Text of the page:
Hanina Hibshoosh, MD
Division of Anatomic Pathology
Hanina Hibshoosh is a board-certified anatomic pathologist who is the founding and current director of the Molecular Pathology Shared Resource of the Herbert Irving Comprehensive Cancer Center (https://cancer.columbia.edu/research-group/molecular-pathology)(https://www.youtube.com/watch?v=FOrYyaAbq0U). He has more than 30 years of experience in the diagnosis and molecular characterization of human malignancies. The aim of the Molecular Pathology Shared Resource (MPSR) is to facilitate tissue- based cancer research, through three service lines: (1) Tissue Banking (>38,000 tumors, >90,000 tissue blocks), project specific analyte procurement and Next Generation Banking (creating ‘off-the-shelf’ banks of DNA, RNA and tissue microarrays (TMAs) and associated clinical data for collaborative, scalable, multi-omic, research). ( 2) Tissue characterization/interrogation services: Histology/IHC/IF/TMA, pathology review service, slide digitalization and analysis. (3) Project management and consultation services. Fulfilling 5000 service requests a year from hundreds of PIs. “The services and capabilities of this shared resource are impressive” - last NCI review of MPSR.
Dr. Hibshoosh is also director of the breast pathology service within the Department of Pathology and Cell Biology and has extensive experience in general diagnostic surgical pathology. He is a member of the Academy of Clinical Excellence (ACE), member of the executive committee and membership steering committee of the ACE. Over the past thirty years, he has actively contributed to a wide spectrum of scientific studies in the fields of molecular carcinogenesis and molecular epidemiology, and co-authored >160 scientific publications with >27,300 citations (Google Scholar). Among the most important achievements of his scientific work includes contributing to the discovery and characterization of the PTEN tumor suppressor gene (short and long form) (Science 1997, Science 1913) under the direction of Dr. Ramon Parsons and to the elucidation of its role in basal breast cancer and BRCA1 related cancers. Poor prognosis in carcinoma is associated with a gene expression signature of aberrant PTEN tumor suppressor pathway activity ( Proc Natl Acad Sci USA 2007). ). Activation of the PI3K pathway in cancer through inhibition of PTEN by exchange factor P-REX2a. (Science 2009). Dr. Hibshoosh also contributed to the identification of several other tumor suppressor genes related to breast cancer, including Beclin-1(Nature 1999) an important regulator of autophagy, Protocadherin 8 (PCD8)(Oncogene 2008), and BAF-180(Cancer Res 2008). Supported Dr. Gu’s work identifying Ferroptosis as a p53-mediated activity during tumor suppression (Nature 2015). Identified PAX-5 as a translocation associated gene in lymphoma, cyclin D1 role as an early event in colorectal carcinogenesis (Gastroenterology 1996) and CD24 role as an oncogene in colon cancer (Gastroenterology 1996). Identified ODC role in carcinogenesis (Oncogene 1991). He serves as the reference breast pathologist for the New York site of the Breast Cancer Family Registry (BCFR) and is also a participating pathologist in the I-SPY trials. Through the contribution to The Cancer Genome Atlas (TCGA) program, helped facilitate more than 30 high-impact publications (including 9 in Cell, 6 in Cancer Cell, and 12 in Cell Reports). He continues to contribute to similar efforts through participation in the NCI Early Onset Malignancy program, as well as the NCI Patient Derived Models Repository (PDMR) tissue procurement protocol. In recent years supported the activity of Dr. Califano’s N-1 program (master regulator analysis as a way to prioritize drug selection in cancer) and Dr. Shen’s work on prostate cancer through organoids analysis. More recently worked with Dr. Hendon and Dr. Ha on developing novel optical approaches (OCT) for the characterization of breast tissue.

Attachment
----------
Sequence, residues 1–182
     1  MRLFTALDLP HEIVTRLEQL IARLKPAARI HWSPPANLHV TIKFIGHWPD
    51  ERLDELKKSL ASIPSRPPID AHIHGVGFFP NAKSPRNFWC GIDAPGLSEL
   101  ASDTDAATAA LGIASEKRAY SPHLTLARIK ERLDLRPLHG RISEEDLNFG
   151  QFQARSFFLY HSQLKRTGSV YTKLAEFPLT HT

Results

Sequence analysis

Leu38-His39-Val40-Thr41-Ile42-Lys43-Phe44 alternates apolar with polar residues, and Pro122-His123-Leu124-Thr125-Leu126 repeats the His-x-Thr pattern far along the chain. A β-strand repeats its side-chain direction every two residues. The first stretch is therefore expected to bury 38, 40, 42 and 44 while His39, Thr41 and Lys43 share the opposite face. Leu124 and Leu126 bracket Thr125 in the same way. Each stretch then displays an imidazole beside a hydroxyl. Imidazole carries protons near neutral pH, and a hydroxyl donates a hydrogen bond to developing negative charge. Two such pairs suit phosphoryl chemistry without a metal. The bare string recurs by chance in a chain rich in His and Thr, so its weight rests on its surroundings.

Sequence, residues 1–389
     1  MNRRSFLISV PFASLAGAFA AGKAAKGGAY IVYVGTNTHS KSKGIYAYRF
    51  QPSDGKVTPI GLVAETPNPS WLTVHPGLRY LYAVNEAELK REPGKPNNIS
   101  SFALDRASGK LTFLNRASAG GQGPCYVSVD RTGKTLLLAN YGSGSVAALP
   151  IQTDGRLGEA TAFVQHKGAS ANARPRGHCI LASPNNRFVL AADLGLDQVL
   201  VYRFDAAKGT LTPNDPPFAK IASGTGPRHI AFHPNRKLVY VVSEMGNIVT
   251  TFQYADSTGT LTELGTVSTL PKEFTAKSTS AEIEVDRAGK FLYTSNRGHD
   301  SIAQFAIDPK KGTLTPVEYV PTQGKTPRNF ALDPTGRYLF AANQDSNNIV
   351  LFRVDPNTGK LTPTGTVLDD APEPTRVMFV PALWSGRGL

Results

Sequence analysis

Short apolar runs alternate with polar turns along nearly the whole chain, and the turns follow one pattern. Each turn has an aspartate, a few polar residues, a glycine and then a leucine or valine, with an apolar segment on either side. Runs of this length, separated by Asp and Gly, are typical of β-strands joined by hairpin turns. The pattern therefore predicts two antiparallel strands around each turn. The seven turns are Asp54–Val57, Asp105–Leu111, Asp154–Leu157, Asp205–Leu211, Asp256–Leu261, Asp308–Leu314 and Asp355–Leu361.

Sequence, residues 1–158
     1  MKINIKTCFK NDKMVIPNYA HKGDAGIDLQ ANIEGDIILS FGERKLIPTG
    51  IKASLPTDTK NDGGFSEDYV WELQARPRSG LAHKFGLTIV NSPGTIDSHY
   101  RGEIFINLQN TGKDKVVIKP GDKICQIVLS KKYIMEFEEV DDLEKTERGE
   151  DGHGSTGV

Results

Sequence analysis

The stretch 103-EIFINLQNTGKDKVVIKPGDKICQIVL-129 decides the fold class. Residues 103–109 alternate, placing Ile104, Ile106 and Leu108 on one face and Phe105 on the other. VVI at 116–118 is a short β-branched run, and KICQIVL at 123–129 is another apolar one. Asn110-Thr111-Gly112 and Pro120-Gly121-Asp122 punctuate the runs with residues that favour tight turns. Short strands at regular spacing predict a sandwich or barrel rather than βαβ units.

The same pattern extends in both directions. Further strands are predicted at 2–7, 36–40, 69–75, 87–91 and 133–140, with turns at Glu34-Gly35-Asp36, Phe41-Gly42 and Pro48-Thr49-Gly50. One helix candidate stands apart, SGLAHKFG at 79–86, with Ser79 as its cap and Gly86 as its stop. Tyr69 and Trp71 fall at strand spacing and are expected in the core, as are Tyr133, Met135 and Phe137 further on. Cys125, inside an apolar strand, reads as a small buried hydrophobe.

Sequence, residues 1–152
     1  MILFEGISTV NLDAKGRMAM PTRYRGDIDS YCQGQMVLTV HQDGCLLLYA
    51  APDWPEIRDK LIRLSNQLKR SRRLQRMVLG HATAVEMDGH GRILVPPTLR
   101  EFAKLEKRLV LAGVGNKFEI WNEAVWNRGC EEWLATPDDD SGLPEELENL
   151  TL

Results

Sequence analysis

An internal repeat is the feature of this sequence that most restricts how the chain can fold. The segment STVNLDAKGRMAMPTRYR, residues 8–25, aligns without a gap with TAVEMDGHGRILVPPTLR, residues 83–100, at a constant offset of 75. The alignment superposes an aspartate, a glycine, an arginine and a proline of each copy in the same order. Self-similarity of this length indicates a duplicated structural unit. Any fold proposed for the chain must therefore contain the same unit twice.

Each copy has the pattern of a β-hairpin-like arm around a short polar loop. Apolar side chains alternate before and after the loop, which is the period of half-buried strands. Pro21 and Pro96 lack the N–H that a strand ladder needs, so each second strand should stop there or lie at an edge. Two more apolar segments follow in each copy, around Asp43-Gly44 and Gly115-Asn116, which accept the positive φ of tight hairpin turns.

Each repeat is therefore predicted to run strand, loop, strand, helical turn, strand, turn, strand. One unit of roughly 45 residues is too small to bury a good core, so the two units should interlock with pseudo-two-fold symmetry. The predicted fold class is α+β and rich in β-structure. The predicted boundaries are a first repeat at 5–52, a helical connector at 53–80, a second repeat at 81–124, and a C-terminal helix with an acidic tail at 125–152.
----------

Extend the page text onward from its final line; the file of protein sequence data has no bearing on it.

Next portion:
- Diagnostic Surgical Pathology
- Breast Cancer
- Breast Pathology